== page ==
This is the roadster in its purest modern form, complete with all of the typical quirks.
Those who know me know that the two-seater roadster is very near and dear to my heart. Growing up in British roadsters, and now owning a couple myself, I have a pretty good idea of just how good, or how difficult, daily life with a small roadster can be. For the last 25 years the Mazda MX-5, or Miata as I will continue to call it, has been the quintessential open-top sports car.
The mechanical rawness of dual SU carburetors and minimalistic Lucas electrics have been replaced with reliable modern tech, but the MX-5 has remained very true to its British roadster roots. There’s a sexy low slung body, a torquey rev happy 4-cylinder, 2 bucket seats and a ragtop; it’s the formula for the ideal summer car, but is the 2016 Mazda MX-5 GT Automatic the one to have?
The new 2016 MX-5 is smaller, lighter and curvier than its predecessor, which is a refreshing approach since it seems that cars over the last couple decades have only gotten bigger, taller and heavier. The body styling on the latest MX-5 is just right in my opinion; it’s truly one of those cars that looks much better in person than in photos as you can really see and appreciate all the subtle curves that the stylists at Mazda have built into the car’s shape. The way the rear fenders curve upward immediately behind the doors is my favorite line on the whole car, and is very reminiscent of British roadsters like the MGA and Austin Healey.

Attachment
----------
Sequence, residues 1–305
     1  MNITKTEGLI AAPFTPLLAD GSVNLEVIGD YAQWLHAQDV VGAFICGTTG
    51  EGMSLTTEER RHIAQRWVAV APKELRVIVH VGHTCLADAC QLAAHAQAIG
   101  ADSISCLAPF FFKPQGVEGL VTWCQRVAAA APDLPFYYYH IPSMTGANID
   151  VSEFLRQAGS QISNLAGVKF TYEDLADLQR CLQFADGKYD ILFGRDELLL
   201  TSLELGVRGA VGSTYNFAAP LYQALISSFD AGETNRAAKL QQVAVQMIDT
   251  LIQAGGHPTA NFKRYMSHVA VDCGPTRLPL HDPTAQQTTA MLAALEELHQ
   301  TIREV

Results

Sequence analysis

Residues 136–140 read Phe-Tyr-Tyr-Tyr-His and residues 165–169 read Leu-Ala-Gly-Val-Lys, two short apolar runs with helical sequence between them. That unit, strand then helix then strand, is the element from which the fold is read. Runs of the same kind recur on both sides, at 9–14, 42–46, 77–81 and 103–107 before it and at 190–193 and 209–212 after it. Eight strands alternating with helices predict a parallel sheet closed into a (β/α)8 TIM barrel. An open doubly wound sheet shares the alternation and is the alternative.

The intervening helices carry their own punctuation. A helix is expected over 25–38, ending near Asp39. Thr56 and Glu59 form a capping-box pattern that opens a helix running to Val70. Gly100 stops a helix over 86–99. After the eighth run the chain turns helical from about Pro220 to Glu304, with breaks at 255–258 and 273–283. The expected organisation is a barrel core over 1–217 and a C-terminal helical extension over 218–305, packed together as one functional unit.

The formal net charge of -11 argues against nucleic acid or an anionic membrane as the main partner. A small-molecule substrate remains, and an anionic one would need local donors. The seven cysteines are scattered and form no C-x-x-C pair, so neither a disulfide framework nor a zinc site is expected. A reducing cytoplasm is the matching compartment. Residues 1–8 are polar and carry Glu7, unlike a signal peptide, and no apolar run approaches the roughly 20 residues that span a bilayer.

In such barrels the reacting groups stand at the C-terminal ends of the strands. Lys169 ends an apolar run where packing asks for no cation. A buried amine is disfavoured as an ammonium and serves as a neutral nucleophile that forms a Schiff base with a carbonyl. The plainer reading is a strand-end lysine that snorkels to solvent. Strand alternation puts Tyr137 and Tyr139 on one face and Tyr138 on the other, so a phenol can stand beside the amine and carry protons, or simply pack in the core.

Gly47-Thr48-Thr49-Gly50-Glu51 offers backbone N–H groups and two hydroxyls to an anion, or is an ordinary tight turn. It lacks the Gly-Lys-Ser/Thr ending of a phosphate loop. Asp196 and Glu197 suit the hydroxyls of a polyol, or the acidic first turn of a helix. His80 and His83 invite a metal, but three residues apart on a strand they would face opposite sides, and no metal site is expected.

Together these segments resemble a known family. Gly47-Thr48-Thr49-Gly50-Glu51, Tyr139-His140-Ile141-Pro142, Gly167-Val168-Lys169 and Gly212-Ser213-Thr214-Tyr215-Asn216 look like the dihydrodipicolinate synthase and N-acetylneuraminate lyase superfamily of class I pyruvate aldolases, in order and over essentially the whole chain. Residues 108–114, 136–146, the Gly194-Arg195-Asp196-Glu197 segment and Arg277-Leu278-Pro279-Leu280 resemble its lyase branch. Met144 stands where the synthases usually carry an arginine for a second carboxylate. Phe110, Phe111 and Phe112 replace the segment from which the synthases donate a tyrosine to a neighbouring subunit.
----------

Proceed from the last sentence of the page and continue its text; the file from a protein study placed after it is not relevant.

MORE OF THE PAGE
A long pointed hood and a short trunk keep up the traditional roadster look, while LED running lamps, HID projector-beam headlights and 17” gunmetal grey alloys serve to remind you that you’re looking at the latest evolution of a long lineage. My test car came finished in a nice Blue Reflex Mica, but looking at the other color options online I was a little disappointed to see mostly generic shades, white, black, grey, silver, etc. The only really vibrant color is the signature Mazda Soul Red, which will likely be the most popular pick. It’s a roadster, where are the bright yellows and blues, or even British Racing Green?